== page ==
While viewer updates are always in process across the available TPVs and clients, I thought I’d take a brief delve into recent updates for a couple of those I tend to routinely follow – Kirsten’s Viewer and the Speedlight Browser / Android / iOS client.
Late February and early March have seen a burst of activity from KirstenLee Cinquetti, with three versions of the Kirsten’s Viewer being released in a rapid-fire succession, started with S23.6.1500 on February 23rd and running through S23.6.1525 (codenamed Valkyrie, dated February 27th) and then S23.6.1533 (also, I gather, Valkyrie, released on March 2nd).
Give it’s been getting close to a year since the last update (see Kirsten’s viewer: a return to active duty and Kirsten’s Viewer gains the client-side AO), these releases do not focus on new features so much on both catching-up with the Lab’s core code base (which appears to be currently still in progress) and a lot of under-the-hood house cleaning.
In particular, the code clean-up means that as from the S23 release, Kirsten’s Viewer discontinues support for Linux /Solaris/ OSX, and the viewer will be Windows-only. The reason for this is simple: time.
Why would I do such a thing? Its simply the realisation that keeping this thing maintained takes time, which is a rare commodity and focusing on a pure windows based solution without sifting through endless defines and endif’s not to mention the triple whammy cmake files or anything else for that matter makes life a heck of a lot simpler.
– KirstenLee on why Kirsten’s Viewer is now Windows-centric
A further benefit of this move, as Kirsten goes on to note, is that it also streamlines the Windows built process itself, through the integration of some of the build libraries into Visual Studio 2017 (now the core build tool for the Windows flavour of viewers), rather than relying on third-party libraries.
Given this focus, it appears the viewer has yet to get some of the more recent updates from the Lab, including:
- Camera Presets (contributed to the Lab by open-source developer Jonathan Yap).
- Mesh Uploader updates (contributed by open-source / Firestorm developer Beq Janus, with further modifications by the Lab).
- Avatar “jelly doll” rendering improvements (via Vir Linden).
That said there are a couple of new additions to be found in preferences:
- The return of the Midnight UI skin (Preferences → S23 Features → S23 UI Selection).
- The inclusion of the Controls Tab from the Lab’s Custom Key Mappings RC viewer, which allows users to assign specific key mappings to a range of viewer functions (Preferences Controls).
As noted, these recent releases are more along the lines of maintenance work and under-the-hood changes that are vital to the viewer’s longevity and future ease-of-update, rather than intending to present significant user-facing updates.
But that said, and with this work now completed, it hopefully won’t be too long before options such as the jelly doll updates and Camera Presets appear within Kirsten’s Viewer and it continued to recover greater parity with the Lab’s code base and releases.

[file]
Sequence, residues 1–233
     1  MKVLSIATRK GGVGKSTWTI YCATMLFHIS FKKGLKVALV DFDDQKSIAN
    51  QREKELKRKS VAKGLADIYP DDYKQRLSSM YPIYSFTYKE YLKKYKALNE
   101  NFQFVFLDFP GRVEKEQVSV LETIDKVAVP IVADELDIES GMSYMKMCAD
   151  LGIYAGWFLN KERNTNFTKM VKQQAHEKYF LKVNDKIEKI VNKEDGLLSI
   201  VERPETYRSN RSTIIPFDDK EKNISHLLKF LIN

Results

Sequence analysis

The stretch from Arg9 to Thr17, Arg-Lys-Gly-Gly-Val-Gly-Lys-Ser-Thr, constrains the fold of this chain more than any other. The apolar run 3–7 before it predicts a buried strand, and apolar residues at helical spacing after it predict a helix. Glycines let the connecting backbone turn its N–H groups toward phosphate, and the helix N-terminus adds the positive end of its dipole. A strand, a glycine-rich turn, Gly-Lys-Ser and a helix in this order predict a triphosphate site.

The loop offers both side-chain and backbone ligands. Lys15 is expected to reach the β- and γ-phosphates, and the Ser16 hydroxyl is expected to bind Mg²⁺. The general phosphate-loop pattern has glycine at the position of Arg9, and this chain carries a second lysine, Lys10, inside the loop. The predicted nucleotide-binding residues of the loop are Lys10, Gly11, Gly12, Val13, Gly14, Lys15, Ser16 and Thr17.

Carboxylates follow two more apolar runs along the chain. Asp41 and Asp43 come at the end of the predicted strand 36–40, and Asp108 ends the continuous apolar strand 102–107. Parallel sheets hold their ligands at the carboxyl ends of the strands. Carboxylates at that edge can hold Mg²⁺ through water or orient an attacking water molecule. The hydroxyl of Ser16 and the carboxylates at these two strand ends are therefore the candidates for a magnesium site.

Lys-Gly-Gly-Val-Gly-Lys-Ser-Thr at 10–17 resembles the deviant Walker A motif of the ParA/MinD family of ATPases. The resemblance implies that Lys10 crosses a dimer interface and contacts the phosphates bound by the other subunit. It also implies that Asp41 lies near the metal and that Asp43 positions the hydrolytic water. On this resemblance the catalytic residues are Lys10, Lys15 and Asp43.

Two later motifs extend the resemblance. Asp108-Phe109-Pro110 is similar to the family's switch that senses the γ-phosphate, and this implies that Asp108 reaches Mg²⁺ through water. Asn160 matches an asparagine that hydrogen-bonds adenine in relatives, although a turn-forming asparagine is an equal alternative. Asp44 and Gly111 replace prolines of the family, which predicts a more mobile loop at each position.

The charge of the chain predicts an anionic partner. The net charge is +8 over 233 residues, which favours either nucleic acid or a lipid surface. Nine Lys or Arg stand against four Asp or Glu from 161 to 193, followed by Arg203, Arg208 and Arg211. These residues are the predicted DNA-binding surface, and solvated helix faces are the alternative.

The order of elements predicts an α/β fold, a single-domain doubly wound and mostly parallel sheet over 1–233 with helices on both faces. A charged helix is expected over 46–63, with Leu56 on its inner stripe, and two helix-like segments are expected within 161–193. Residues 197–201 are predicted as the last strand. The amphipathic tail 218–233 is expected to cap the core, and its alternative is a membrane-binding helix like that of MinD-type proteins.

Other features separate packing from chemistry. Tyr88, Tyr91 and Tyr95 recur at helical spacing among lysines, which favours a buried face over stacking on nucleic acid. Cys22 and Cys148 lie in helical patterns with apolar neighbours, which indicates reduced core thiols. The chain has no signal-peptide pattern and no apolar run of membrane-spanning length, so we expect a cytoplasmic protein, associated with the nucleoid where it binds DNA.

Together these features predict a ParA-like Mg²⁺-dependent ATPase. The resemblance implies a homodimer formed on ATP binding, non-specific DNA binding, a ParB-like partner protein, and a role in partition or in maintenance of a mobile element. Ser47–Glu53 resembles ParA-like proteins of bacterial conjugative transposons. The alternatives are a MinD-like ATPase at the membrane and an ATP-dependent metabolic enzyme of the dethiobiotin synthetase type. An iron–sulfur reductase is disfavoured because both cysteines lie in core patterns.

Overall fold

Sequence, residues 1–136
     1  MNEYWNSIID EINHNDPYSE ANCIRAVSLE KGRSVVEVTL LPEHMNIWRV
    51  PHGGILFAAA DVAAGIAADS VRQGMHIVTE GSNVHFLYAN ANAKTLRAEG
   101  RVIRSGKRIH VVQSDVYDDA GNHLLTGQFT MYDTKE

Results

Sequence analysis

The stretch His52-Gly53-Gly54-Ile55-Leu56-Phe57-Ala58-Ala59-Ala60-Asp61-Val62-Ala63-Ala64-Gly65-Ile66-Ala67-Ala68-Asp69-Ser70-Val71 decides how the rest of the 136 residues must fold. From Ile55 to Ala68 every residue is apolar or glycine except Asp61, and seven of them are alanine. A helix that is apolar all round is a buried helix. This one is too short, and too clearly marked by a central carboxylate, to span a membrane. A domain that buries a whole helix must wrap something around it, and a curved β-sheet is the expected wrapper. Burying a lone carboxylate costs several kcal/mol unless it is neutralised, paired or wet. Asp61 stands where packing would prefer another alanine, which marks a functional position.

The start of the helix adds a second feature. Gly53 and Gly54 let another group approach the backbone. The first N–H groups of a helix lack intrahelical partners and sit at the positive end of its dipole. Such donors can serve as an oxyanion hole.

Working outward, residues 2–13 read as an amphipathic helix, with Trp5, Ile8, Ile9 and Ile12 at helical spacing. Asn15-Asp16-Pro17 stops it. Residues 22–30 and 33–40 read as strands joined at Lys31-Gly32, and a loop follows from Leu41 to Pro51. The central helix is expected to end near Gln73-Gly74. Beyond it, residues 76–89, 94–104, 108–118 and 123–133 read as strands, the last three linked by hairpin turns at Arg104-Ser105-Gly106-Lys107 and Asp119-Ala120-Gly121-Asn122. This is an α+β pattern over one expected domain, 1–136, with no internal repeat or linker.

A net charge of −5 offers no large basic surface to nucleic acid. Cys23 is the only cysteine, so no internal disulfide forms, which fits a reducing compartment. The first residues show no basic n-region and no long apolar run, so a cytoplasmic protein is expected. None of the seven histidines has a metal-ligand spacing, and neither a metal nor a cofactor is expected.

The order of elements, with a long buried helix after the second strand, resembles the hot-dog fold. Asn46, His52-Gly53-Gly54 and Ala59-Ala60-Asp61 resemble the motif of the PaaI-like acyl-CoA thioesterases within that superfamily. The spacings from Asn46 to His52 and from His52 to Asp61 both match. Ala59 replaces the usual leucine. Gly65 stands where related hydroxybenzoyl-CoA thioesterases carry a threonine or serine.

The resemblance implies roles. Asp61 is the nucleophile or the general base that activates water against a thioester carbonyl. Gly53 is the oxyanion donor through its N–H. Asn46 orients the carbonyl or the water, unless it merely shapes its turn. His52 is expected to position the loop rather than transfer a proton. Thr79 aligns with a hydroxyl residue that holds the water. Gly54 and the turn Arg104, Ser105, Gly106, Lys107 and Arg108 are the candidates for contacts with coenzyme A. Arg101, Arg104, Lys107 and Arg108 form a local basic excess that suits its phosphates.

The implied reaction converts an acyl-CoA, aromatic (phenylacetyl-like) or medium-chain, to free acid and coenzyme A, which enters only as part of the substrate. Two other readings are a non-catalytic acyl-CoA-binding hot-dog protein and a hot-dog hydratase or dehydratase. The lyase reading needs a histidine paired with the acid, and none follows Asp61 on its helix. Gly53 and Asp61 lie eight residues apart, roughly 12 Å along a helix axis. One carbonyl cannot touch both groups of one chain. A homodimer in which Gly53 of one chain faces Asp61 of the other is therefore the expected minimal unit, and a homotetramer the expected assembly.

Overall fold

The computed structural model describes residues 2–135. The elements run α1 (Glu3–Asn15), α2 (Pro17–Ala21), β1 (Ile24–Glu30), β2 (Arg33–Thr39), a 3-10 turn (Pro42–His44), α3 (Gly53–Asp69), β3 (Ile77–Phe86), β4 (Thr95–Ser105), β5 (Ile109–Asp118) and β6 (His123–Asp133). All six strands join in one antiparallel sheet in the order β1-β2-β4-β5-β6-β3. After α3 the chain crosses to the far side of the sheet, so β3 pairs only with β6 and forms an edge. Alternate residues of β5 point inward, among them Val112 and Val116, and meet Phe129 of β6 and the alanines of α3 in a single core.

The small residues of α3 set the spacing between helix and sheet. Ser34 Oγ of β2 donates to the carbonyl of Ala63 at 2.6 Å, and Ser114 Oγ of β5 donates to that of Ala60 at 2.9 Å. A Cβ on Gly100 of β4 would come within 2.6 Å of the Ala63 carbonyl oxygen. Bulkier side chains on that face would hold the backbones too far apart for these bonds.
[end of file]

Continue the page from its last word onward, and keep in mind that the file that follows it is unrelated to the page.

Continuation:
Speedlight, the browser / android / iOS client updated in mid-February, with updates for both Basic and Gold users.
Core updates (Basic and Gold):
- Places search has been added.
- SLURLs are now clickable with an ability to teleport.
- Avatar maturity can be changed via the Settings → Maturity tab.
- The Avatars page (dashboard) now displays the current location of your avatars.
3D World View Updates:
- Walk auto-pilot: right-click or long touch on device screen at location to the walked to, then select Walk Here from the pop-up menu.
- In-world object interaction (Touch): right-click or long touch object, and select Touch from the pop-up menu.
- Revised interface for the world view, with improved rendering.
- Gold 3D Word View Updates:
- While in low-poly mode, touch any object to load a high LOD model.
- Holding ALT+mouse will rotate camera around avatar (as with a viewer).
- On-screen joystick can be turned on in 3D settings.
- Stick avatars size adjusted to fit with real avatars in preparation for avatar rendering).
The core updates noted above further tune Speedlight’s ability to meet with many use-cases for those needing to access SL while away from a full viewer. As noted last time around, however, my personal view is that the 3D world view remains hit-and-miss – even on my PC using a browser, objects frequently fail to fully render and avatar movement can be unpredictable.
Whether this is just done to my being Basic / have a bad connection to the rendering pre-processing server, I’ve no idea; but if these issues are more endemic, then perhaps they might suggest that more more needs to be tweaked before full-scale avatar rendering is attempted.
In the meantime, Speedlight can be run via any browser via the Speedlight Website, or downloaded from either Google Play or the Apple Store (fee payble for the latter, with automatic Gold lifetime subscription).